Home / Money / Personal Finance /  Linking Aadhaar to real estate will help real buyers

News reports say that the cabinet note for linking real estate to your Aadhaar number is ready and may see the light of the day soon. If that happens, then we should kick any thought of a real estate ‘revival’ a few years down the road. And that is a good thing for an average tax-paying salaried Indian. Because if you decode the word ‘revival’ as it appears across the media and in PR outreaches, you are looking at the world from the point of view of the developer, the broking firms and the banks, and not from your own point of view—a real estate aspirant looking for a home to live in or an investment to make. India has this strange story of having millions of unoccupied homes waiting for buyers while owning a home in a city remains just out of reach for millions of Indians as well. The real demand for housing sits at a price point that is below what the unsolds are going for and since the investment demand has dried up, the unsolds sit past their sell-by date. The linking of a biometric identifier to a piece of real estate has the potential to be another step in the war against the use of real estate as the sump for non-tax paid money—also called ‘black’ money. This link, if it happens, will be a great thing for the real buyers and investors of real estate in India as it will reduce prices to more realistic levels that are supported by current incomes which are used to pay the EMIs as tax-paid money attempts to buy real estate.

Just tracing the price history of residential real estate in India tells you the story of a country that is going kicking and screaming towards less corruption and black money. The price revival in real estate that began in the early 2000s was based on the great yields available at that time of roughly 4-6%. But that uptick became a frenzy because cheap money in the economy found its way to real estate. Cheap bank funds went to fund big projects and, as we see today, some of the bank funding was simply siphoned off by promoters into shell companies and invested in real estate under false names or in the names of relatives, employees, drivers, cooks and others. Property experts would joke that Delhi real estate prices jumped by 15-30% after the Common Wealth Games as the siphoned off money found homes in real estate. After the hyper jumps between 2003 and 2010 when prices went up almost every week, real estate began its slow downward spiral from 2010-11. What sticky prices could not achieve, inflation did, making a 25-30% dent over the past few years in absolute terms. It began as slowdown in an over-priced and hyped asset, but soon became a deeper problem as the Modi government went after corruption almost from the time it took office in 2014. Giving teeth to the Benami Transactions Act, demonetization and linking tax returns to Aadhaar, all have worked to take the air out of the over-priced real estate by making it difficult to hide black money in it.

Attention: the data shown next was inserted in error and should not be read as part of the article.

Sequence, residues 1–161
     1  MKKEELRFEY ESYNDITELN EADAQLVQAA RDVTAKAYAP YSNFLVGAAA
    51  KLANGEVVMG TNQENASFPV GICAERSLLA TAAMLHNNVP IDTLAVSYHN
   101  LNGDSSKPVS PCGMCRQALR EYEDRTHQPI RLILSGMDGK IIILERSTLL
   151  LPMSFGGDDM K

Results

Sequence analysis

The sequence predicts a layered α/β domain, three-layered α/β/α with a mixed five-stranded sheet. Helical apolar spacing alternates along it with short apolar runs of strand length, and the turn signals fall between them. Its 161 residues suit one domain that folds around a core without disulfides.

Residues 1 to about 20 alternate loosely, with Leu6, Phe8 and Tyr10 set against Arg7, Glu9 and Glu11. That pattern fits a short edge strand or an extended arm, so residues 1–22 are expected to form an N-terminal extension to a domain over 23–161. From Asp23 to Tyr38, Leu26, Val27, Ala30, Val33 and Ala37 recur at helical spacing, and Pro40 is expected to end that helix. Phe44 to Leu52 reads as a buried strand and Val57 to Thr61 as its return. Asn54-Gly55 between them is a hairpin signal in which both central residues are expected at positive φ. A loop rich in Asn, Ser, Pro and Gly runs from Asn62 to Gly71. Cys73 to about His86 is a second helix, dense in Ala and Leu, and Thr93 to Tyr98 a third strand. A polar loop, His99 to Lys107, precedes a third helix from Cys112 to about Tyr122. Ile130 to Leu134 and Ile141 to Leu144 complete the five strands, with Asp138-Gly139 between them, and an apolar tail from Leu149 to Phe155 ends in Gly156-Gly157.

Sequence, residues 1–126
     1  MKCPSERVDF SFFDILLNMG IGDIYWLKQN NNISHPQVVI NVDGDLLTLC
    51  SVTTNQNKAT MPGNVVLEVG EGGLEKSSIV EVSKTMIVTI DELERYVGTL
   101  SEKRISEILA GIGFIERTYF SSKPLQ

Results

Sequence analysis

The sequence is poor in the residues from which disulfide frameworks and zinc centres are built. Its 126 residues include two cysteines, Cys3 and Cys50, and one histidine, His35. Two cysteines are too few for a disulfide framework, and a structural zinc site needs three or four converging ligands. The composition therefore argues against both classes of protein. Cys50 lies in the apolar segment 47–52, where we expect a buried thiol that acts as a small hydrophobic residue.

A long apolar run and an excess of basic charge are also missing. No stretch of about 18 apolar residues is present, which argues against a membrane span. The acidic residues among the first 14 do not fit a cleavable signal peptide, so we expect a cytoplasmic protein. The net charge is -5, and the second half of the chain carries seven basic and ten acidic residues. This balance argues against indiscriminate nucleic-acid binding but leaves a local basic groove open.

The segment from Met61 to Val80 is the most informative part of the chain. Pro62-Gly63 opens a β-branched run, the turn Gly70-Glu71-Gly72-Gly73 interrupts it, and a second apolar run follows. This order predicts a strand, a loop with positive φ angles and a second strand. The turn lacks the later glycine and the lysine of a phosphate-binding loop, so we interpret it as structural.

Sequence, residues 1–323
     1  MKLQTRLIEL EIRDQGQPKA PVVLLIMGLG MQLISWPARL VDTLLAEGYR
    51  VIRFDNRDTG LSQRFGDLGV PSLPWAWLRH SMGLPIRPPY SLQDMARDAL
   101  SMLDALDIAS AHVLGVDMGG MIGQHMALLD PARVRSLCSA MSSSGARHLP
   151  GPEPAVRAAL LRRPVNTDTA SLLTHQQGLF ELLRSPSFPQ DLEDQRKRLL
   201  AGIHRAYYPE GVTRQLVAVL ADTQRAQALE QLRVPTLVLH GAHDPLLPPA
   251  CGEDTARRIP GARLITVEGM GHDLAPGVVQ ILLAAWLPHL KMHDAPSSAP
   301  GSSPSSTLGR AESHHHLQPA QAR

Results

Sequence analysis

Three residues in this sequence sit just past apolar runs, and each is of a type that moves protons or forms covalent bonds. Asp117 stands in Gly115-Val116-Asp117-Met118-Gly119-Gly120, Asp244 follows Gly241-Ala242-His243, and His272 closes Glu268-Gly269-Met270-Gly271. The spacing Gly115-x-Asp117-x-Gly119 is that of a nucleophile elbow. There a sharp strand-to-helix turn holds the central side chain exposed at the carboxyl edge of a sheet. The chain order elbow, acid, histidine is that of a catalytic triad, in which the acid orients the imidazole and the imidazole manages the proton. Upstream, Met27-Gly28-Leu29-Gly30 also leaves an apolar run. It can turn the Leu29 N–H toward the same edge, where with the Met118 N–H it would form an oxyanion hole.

For honest tax payers, buying real estate has remained a murky affair with the need to turn white into black and then get penalized by the higher stamp duties than what others with a 40-60% black component pay. As it becomes tougher and tougher to hide black money in real estate, expect the difference between an EMI and rent to begin narrowing. EMIs today are a multiple of the rent, making renting a better option than buying in a market that will not see a price revival for some more years. Real buyers and investors into real estate should know that linking Aadhaar with property ownership will not allow property prices to rise in the near future since much of the price rise has been due to the rush of cash into this asset class. Your rough rule of thumb remains this: you should be getting at least a 4-5% yield on the property for it to be a good investment. That means divide the annual rent with the value of the property; if that number is less than 4%, walk away. The capital appreciation that will make this low yield worth it is not going to happen due to the war on black money.

The realization that real estate is not a sure bet that can be banked on for a multiplier return is beginning to sink in. Understand that as the economy gets more formalized and the Aadhaar link makes it more difficult and costly to hide black money, every asset in your portfolio will work according to basic investing logic—not some fancy stories of discovering olive groves in Okhla with Italian marbles and a jacuzzi.

Monika Halan is Consulting Editor at Mint and writes on household finance, policy and regulation.

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